For the players, this Six Nations tournament suddenly got very real
From The Blindside:In the Ireland camp, today will be different to yesterday. The day after the team for the opening Six Nations game is announced, you always feel the atmosphere changing a little bit. The excitement level goes up a notch and the nerves go up with it.
The nature of the Six Nations places such a huge emphasis on the opening weekend and the pressure on players and coaches over the next three days won’t get any lighter. Everybody knows that this whole tournament could be as good as over and done with by mid-afternoon on Saturday.
Sentiment goes out the window now. You may have been part of the squad for a long time and you may have lost your place.
But there’s a job to do and people have to row in behind the rest of the squad now. The lads outside the match-day 23 will stay in camp for the next couple of days until the team flies out to Cardiff and hard as it will be for them, they can’t mope about.
Team do badly
That’s tough, let me tell you. I did it plenty of times and there’s no tougher week for it than this week. Because you know in your heart and soul that the team picked for the first game is going to have to either do pretty badly or suffer some injuries for you to see action for the next six weeks. And no matter how down you feel at not getting picked, you still want Ireland to win.
So you gradually become resigned to your fate – but not before you go out and hold some tackle pads just to make you feel that little bit worse. I spent the whole of the Grand Slam year on tackle pad duty.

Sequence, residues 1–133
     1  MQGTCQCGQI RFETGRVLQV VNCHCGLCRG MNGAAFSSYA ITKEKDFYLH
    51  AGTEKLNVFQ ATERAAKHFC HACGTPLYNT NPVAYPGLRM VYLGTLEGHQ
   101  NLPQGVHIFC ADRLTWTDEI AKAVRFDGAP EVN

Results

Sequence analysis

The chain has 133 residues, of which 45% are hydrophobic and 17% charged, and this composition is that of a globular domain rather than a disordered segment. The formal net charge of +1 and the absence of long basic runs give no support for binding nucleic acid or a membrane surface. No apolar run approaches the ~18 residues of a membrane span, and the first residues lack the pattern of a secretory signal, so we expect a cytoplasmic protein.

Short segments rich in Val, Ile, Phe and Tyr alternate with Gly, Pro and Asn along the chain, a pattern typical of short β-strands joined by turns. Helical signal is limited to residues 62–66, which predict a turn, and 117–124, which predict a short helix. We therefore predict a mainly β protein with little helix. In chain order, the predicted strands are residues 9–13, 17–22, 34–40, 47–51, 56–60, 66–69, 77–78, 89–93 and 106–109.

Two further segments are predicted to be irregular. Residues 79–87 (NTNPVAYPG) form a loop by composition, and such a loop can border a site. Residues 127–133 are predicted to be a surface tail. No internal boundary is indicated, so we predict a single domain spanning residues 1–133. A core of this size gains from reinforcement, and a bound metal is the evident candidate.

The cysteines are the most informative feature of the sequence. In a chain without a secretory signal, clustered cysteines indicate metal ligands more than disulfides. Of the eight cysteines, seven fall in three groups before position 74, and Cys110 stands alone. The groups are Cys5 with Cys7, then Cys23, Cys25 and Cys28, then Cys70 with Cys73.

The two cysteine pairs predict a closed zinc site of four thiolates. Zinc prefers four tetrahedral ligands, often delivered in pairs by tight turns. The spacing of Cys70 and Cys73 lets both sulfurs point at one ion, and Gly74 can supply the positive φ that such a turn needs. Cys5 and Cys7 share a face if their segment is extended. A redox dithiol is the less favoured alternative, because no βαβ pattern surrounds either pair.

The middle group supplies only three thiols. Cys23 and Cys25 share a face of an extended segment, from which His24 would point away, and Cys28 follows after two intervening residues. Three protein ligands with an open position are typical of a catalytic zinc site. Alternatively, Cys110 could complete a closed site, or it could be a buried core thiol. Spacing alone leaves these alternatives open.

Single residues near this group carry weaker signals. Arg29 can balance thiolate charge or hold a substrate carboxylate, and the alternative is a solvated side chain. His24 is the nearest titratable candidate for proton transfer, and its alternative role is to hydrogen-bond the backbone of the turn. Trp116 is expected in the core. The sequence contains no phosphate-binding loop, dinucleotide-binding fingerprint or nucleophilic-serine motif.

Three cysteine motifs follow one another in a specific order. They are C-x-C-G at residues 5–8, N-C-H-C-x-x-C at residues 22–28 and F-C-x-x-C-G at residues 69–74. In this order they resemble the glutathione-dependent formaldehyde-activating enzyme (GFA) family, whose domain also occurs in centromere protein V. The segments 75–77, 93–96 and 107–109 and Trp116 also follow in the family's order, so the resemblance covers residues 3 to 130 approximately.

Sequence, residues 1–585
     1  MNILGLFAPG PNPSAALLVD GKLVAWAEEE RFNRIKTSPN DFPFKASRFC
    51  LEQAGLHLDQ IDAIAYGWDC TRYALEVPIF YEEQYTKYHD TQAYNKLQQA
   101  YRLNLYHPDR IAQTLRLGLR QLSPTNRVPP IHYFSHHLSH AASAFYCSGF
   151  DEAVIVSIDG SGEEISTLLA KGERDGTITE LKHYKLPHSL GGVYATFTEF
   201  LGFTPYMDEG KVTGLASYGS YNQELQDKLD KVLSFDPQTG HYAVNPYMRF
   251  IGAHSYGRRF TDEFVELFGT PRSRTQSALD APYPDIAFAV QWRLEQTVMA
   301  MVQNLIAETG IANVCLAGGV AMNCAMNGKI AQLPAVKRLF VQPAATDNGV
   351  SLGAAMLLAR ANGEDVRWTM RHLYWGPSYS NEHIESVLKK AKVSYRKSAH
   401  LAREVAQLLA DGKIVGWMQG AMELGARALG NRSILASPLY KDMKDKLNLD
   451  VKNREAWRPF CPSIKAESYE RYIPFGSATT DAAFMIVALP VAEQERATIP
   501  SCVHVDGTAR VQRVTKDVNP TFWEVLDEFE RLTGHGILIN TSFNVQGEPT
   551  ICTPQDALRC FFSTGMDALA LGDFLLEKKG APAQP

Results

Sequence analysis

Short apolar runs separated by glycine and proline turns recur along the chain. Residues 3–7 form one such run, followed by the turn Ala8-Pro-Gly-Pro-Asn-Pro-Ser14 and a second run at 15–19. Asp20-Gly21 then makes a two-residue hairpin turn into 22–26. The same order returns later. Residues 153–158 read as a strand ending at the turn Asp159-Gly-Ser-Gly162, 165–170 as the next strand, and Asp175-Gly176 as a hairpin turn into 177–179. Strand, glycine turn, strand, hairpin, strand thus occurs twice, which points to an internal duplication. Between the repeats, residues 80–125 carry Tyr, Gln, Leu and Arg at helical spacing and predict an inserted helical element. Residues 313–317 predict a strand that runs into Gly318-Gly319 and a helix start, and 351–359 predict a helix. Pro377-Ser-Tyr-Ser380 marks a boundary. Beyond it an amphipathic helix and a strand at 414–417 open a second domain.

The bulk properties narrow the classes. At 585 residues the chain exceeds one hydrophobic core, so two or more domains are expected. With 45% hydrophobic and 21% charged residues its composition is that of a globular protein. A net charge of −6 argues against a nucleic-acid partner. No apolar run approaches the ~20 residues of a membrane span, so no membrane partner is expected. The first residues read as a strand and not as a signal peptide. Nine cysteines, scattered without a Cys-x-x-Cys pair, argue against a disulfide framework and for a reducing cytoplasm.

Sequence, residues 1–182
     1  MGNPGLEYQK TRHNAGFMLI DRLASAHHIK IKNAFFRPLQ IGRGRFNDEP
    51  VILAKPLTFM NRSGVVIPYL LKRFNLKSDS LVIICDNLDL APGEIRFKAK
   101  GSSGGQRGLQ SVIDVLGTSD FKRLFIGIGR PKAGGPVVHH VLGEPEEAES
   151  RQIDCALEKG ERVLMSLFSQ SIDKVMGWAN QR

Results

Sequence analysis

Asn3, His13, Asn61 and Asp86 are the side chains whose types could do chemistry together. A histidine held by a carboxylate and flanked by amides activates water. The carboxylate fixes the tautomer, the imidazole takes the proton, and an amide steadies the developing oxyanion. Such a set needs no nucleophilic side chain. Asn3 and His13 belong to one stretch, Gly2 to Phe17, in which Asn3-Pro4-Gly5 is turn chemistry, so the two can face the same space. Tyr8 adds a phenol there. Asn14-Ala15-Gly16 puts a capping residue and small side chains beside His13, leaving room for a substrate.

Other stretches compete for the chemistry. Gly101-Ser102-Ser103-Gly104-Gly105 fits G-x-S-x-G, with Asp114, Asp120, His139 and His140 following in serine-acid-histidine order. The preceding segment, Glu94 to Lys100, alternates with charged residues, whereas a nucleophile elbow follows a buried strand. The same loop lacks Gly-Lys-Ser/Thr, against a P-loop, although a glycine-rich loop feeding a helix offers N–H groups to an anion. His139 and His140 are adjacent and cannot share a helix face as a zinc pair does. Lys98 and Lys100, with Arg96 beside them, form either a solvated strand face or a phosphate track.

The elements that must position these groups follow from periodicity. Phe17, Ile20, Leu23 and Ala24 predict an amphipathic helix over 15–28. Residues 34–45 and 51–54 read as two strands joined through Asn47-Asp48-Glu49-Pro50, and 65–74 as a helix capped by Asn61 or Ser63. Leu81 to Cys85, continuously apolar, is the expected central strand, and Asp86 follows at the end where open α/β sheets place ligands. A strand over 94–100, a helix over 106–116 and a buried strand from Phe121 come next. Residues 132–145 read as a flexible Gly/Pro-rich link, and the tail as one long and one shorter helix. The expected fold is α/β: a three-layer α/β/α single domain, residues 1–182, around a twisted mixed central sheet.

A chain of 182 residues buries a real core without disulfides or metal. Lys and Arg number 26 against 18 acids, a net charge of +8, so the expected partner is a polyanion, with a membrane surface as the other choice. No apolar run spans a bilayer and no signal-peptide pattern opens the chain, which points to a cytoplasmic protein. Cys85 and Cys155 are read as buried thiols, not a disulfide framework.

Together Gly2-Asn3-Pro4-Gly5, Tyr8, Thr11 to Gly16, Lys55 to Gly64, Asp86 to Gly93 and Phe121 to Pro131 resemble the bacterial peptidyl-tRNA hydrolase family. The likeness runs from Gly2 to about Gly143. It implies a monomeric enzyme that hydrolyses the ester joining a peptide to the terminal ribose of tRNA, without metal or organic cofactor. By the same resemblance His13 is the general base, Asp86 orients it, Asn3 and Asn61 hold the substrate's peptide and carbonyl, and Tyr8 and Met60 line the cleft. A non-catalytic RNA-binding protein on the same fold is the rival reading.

Myself, Shane Horgan, Girvan Dempsey, Keith Earls, Shane Jennings – we were the main men in that campaign when it came to holding the tackle pads. Hey, I’m a medal-winner thanks to my efforts!
The most important thing is that you don’t bitch, you don’t moan, you don’t make people feel uncomfortable around you. You take it on the chin and you get over yourself. The guys who made it have a game to prepare for and they don’t need you being any sort of negative presence. The dynamics of the week have changed, everybody knows that.
But the ultimate aim of the week has stayed the same. The coaches are under pressure throughout. They know it’s going to be very hard to come back from a defeat against Wales if that’s what Saturday brings. Plenty of people all over the country are talking about the possibility that this could be their last Six Nations if it doesn’t go well. So a game that is already highly pressurised has that hanging over it as well.
When you think about it, it’s actually pretty harsh on international coaches that they get judged on a competition like the Six Nations.
With the way the rugby calendar is, preparation for it is always that little bit rushed, unlike with Heineken Cups and even World Cups where there’s a bit of a lead-in and you can get set properly in good time.